ings are apt to arise as to the possibility of
proceeding as an assembly of the Lord's peo-
ple in the pure counsel of Truth ; and here I
feel a concern to express in uprightness, that
which hath been opened in my mind, under
the power of the cross of Christ, relating to a
visible gathered church, the members whereof
are guided by the holy Spirit.

The church is called the body of Christ,
Col. i. 25. Christ is called the head of the
church, Eph. i. 22. The church is called the
pillar and ground of Truth, 1 Tim. iii. 15.
Thus the church hath a name that is sacred,
and the necessity of keeping this name holy,
appears evident ; for where a number of peo-
ple unite in a profession of being led by the
Spirit of Christ, and publish their principles
to the world, the acts and proceedings of that
people may in some measure be considered
as those of which Christ is the author.

While we stand in this station, if the pure
light of life is not^ followed and regarded in
our proceedings, we are in the way of pro-
faning the holy name, and of going back to-
ward that wilderness of sufferings and per-
secution, out of which, through the tender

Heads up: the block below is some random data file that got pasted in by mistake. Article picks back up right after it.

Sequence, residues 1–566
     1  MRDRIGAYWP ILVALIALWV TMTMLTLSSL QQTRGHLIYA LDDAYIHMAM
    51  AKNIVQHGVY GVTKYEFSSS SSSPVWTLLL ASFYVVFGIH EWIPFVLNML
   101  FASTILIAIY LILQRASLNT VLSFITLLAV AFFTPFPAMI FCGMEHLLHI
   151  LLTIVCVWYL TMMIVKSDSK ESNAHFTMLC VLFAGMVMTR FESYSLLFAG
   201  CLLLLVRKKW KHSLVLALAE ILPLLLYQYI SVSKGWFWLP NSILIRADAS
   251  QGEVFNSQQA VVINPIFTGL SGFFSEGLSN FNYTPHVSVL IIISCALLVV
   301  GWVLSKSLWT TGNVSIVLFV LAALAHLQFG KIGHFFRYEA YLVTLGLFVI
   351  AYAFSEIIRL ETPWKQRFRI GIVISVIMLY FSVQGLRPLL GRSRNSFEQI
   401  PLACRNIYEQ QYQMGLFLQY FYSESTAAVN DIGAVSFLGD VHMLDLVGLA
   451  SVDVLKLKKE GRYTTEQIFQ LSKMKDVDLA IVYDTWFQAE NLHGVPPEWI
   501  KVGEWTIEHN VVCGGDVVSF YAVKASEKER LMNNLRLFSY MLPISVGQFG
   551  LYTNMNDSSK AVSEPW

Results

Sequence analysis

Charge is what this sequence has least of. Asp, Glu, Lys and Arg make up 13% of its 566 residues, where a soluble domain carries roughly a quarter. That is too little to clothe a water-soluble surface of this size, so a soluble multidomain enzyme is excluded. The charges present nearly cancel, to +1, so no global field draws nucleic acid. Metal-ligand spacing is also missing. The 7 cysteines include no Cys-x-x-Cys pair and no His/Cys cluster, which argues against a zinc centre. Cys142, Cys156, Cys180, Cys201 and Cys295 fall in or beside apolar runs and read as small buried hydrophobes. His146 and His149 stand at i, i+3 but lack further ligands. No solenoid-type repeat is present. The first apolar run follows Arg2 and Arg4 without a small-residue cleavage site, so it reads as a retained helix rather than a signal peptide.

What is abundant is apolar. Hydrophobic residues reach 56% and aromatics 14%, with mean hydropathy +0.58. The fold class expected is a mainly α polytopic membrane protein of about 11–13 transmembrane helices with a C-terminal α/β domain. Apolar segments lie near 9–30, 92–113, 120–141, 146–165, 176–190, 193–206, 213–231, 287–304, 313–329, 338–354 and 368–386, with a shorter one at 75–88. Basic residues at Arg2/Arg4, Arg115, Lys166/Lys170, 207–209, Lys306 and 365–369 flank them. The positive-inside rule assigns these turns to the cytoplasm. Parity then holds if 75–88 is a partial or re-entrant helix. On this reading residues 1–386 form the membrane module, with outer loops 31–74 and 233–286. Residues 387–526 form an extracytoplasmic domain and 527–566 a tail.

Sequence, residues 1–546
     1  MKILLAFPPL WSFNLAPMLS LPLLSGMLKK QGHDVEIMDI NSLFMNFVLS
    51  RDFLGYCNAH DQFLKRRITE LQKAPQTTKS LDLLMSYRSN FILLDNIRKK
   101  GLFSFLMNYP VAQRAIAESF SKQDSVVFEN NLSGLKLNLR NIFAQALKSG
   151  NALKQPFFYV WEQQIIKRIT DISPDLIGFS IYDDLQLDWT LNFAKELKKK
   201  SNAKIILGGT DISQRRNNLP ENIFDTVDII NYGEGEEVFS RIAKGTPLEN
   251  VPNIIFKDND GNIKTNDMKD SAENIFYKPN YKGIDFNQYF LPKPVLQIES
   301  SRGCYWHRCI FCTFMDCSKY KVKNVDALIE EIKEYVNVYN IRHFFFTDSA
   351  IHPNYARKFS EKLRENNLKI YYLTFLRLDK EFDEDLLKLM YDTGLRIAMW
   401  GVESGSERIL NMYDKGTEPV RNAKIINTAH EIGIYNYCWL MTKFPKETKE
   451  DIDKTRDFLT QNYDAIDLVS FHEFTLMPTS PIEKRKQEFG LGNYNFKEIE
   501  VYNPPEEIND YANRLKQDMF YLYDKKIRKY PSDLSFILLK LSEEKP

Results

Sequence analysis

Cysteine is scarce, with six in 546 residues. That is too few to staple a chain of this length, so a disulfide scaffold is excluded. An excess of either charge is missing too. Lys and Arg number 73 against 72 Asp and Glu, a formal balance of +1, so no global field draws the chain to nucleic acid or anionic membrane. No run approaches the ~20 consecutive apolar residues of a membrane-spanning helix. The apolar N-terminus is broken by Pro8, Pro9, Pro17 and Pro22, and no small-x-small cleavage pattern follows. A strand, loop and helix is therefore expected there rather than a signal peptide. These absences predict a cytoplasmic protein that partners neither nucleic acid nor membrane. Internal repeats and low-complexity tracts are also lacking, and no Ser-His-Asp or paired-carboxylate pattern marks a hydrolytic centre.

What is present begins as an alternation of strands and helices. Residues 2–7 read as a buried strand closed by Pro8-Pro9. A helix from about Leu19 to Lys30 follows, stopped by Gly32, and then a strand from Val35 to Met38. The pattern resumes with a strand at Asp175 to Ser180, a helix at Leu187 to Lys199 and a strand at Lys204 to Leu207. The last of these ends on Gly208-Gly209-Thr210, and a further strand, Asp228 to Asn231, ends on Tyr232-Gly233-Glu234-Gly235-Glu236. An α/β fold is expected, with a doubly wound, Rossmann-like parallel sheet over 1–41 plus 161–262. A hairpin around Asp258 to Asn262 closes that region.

mercies of God, a church hath been gath-
ered. '* Christ liveth in sanctified vessels,"
and where they behold his holy name pro-
faned, and the pure Gospel light eclipsed
through the unfaithfulness of any who by
their station appear to be standard bearers
under the Prince of peace, the living mem-
bers in the body of Christ, beholding these
things, do in some degree experience the fel-
lowship of his sufierings, and as the wisdom
of the world more and more takes place in
conducting the afiairs of this visible gathered
church, and the pure leadings of the holy
Spirit are less waited for and followed, so the
true suflfering seed is more and more op-



My mind is oflen afiected with a sense of
the condition of sincere hearted people in some
kingdoms, where liberty of conscience is not
allowed, many of whom being burthened in
their minds with the prevailing superstition,
joined with oppressions, are oflen under sor-
row; and where such have attended to that
pure light which has in some degree opened
their understandings, and for their faithfulness
thereto, have been brought to examination and
trial, how heavy have been the persecutions
which in divers parts of the world have been
exercised upon them? How mighty, as to
the outward, is that power by which they
have been borne down and oppressed ?

How deeply afiecting is the condition of



many upright hearted people who are taken
into the papal inquisition? What lamentable



Online LibraryWilliam EvansThe Friends' library: comprising journals, doctrinal treatieses, & other writings of members of the religious Society of Freinds → online text (page 96 of 104)